There is a constant debate about whether strategy or execution is more important. Peter Drucker observed that “a plan is nothing unless it degenerates into work.” Yet a poor plan with great implementation is no better than a good plan with poor implementation. The truth is that both are necessary for success.
Implementation snafus are legion. Kodak’s ads for a new camera drew people into stores only to find that the cameras hadn’t arrived. A major bank announced a new savings plan in the newspapers but hadn’t explained the plan to its branch managers. An engineering firm made a decision to sell its services in the Middle East but could not find any capable person who spoke Arabic and would be willing to transfer there. A hotel decided to make service its major value proposition but let service be run by a weak manager with a small budget and an insufficient staff.
Good implementation needs buy-in from those who are to carry out the plan. The best way to get their buy-in is to have them participate in the plan’s development. Thus salespeople are more likely to accept the marketing plan if a sales representative participated in its development and if the target volumes and prices are plausible. So the planner’s first need is to sell the plan inside, not outside.
Control is the way that we catch failures in implementation or strategy. The company may have implemented poorly, set the wrong marketing mix, aimed at the wrong target market, or done poor initial research. Control is not a singular thing but a host of tools for making sure that the company is on track. The tools fall under four types of control shown here.1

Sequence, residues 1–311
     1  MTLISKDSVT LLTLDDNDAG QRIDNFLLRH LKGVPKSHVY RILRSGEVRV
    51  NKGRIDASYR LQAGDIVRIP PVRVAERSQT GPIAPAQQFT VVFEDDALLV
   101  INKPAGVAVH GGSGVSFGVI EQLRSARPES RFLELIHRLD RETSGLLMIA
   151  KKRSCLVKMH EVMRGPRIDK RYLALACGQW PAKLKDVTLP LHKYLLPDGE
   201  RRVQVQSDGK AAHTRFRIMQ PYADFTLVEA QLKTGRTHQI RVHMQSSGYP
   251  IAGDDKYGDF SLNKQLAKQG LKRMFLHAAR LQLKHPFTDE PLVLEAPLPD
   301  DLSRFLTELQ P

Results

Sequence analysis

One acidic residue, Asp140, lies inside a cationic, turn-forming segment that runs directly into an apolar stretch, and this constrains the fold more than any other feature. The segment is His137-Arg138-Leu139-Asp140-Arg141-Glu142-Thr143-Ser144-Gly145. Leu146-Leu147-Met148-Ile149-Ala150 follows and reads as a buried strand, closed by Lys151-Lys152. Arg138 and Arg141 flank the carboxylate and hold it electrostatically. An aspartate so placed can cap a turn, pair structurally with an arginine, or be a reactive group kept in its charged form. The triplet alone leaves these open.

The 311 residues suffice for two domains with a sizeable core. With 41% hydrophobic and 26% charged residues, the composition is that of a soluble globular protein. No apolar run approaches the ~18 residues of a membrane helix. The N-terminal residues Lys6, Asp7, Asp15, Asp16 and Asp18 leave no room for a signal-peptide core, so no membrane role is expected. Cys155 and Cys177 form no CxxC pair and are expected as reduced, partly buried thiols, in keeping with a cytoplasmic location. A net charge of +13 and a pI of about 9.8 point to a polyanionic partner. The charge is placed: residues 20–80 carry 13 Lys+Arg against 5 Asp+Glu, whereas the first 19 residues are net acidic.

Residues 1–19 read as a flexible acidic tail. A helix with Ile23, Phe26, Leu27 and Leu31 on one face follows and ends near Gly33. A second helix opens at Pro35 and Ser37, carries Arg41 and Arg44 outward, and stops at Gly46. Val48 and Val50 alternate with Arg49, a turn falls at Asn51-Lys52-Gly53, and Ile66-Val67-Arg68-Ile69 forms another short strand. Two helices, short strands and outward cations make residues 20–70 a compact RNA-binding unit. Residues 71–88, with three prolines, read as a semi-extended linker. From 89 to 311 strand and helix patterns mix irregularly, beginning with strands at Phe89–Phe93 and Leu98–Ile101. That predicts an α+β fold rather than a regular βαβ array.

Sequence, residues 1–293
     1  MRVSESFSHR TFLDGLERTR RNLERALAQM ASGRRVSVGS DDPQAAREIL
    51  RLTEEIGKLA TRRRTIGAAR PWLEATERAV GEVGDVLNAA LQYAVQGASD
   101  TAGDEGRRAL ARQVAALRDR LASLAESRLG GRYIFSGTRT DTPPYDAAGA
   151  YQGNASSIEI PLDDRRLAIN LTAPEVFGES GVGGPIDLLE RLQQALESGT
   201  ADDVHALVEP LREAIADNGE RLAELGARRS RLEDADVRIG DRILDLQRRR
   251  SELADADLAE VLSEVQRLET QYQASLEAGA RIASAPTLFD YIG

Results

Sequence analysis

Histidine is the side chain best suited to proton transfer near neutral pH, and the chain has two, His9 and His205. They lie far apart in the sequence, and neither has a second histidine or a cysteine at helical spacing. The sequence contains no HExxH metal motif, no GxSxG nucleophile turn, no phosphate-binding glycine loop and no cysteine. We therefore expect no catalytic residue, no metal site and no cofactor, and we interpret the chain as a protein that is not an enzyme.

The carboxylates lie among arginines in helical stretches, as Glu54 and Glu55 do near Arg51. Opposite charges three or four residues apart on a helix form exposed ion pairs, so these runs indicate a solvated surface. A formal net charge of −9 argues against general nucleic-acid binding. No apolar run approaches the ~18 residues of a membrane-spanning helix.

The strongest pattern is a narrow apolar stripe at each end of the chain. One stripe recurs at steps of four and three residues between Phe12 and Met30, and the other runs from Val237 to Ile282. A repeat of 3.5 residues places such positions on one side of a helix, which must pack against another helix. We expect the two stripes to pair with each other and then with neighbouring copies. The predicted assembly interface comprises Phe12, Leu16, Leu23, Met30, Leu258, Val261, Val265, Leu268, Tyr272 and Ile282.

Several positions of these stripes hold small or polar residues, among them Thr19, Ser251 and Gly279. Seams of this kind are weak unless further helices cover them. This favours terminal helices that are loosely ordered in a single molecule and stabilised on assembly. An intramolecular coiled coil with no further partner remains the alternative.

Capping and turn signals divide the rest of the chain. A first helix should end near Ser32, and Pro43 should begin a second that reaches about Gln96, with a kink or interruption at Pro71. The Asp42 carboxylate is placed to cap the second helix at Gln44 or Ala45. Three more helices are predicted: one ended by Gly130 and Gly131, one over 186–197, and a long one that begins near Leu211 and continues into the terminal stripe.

|Type of Control||Prime Responsibility||Purpose of Control||Approach|
|I. Annual-plan control||Top management; middle management||• To examine whether the planned results are being achieved||• Sales analysis
• Market-share analysis
• Sales-to-expense ratios
• Financial analysis
• Market-based scorecard analysis
|I I. Profitability control||Marketing controller||• To examine where the company is making and losing money
• To evaluate and improve the spending
• Trade channel
• Order size
|III. Efficiency control||Line and staff management; marketing controller||• Efficiency and impact of marketing expenditures||Efficiency of:
• Sales force
• Sales promotion
|IV. Strategic control||Top management; marketing auditor||• To examine whether the company is pursuing its best opportunities with respect to markets, products, and channels||• Marketing effectiveness rating instrument
• Marketing audit
• Marketing excellence review
• Company ethical and social responsibility review
The processes of planning, implementation, and control constitute a virtuous feed forward/feedback system. If your company is not achieving its goals, either you are implementing your plan poorly or your plan has become irrelevant and needs fixing.
Copyright© 2003 by Philip Kotler. All rights reserved.
Published by John Wiley& Sons., Hoboken, New Jersey